You might also look into some smaller, residential schools, like Millefeuille de Provence and L'Ecole des Trois Ponts. They are more expensive, but class size is small and the environment is conducive to complete immersion. There are some threads on the Europe board about these schools. See, e.g. http://www.fodors.com/forums/threads...2&tid=34836218
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Oct 26th, 2006, 05:15 AM
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Montpellier, Bordeaux, Strasbourg, or Rouen.

These are the nicest of those cities but it may depend on what else you want to do, Rouen is wet northern city of great historic interest and lots of local village.

Bordeaux is surrounded by one of the fiest vineyards in the world.

Now for me there is no choice
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Oct 26th, 2006, 05:50 AM
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Bonjour Adelaïde,

you've received exellent advices and descriptions of cities, I've only a few things to add: wherever you're going, you'll meet well meaning French people (like me) who will want to speak English with you, supposedly to help you. One of the first French phrase you shoud therefore learn is "Merci, mais je suis venue ici pour apprendre le français, pas pour parler ma langue maternelle ...) ";

("thanks, but I'm here to learn French, not to speak my own language" - said with a broad smile)
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Oct 26th, 2006, 07:42 AM
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If the language and daily interaction with locals really matters in all this, be advised that the south has a range of distinct accents, culminating in Marseille - don't know if that matters to you, but if you pick it up while learning what you think is "pure" French, you should at least be aware of it.
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Oct 26th, 2006, 09:12 AM
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I would merely echo Kate's comment/query regarding your educational plan. I've attended two week-long programs in France, and have discovered a fair amount here and elsewhere about different programs. I can say that I would prefer either model that I attended over my own local Alliance Francaise model, just given the level of engagement and the tone of the respective programs. I would also advise you to take a bit more time and review some of these other possibilities--provided you want to do the research. In any event, it's a lovely idea, the time of year is ideal, so all that's to the good! If you stick with the Alliance Francaise, I might well go with Lyon for gastronomic reasons! It's a great center for cooking and dining. If you rent a car, you could perhaps drive up for a day to Vonnas, France to dine at one of George Blanc's restaurants. Superbe!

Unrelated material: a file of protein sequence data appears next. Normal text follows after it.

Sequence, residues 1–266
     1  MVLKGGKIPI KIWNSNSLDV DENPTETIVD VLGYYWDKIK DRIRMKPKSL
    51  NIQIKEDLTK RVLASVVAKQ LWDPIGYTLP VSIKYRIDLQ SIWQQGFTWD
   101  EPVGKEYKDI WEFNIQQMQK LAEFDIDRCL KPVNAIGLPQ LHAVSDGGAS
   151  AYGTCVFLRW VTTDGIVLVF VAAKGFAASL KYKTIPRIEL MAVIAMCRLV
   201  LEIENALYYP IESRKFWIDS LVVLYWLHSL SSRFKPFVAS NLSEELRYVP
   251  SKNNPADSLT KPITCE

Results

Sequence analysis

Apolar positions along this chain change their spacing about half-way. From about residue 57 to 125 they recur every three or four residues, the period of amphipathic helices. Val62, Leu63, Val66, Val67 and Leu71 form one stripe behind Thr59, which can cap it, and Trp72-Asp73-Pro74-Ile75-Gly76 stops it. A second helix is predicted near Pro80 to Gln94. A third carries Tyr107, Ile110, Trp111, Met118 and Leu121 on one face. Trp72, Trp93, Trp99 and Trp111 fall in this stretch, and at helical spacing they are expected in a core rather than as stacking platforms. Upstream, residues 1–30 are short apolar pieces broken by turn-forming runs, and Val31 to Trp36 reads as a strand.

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Oct 27th, 2006, 06:07 PM
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Thank you everyone for your excellent advice. Your tips and links are most helpful. We'll certainly continue our research before we go - not just about language courses, but every place we hope to visit. The excitement is building!
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Oct 27th, 2006, 06:24 PM
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Hello Adelaide,

Last summer, my husband and I (we are in our 50's) spent one month in Montpellier studying French. We LOVED the small city atmosphere of Montpellier. We were in Montpellier during the summer and there were free concerts (classical, jazz) being held almost every night of the week. We also spent a lovely evening at the Opera house.

The people were very friendly and the locals, who are used to students in this university town, were very patient with our attempts at speaking French.

We were pleasantly surprised to discover how beautiful the city is (like a small-time Paris). Montpellier also has lots to offer in terms of day trips including Nimes and Arles. We especially enjoyed trips to lesser known Aigues Mortes and Lodeve with our French hostess.

Will you be staying with a French family or in an apartment? We had an unforgettable stay with a French woman, but Montpellier also has lots of apartments.

France is a fabulous country -- I am sure you will have a grand experience no matter which city you choose.

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Oct 28th, 2006, 01:50 AM
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Thanks Reenie. Yes, we intend staying with a French family. Can I ask which course you did in Montpellier?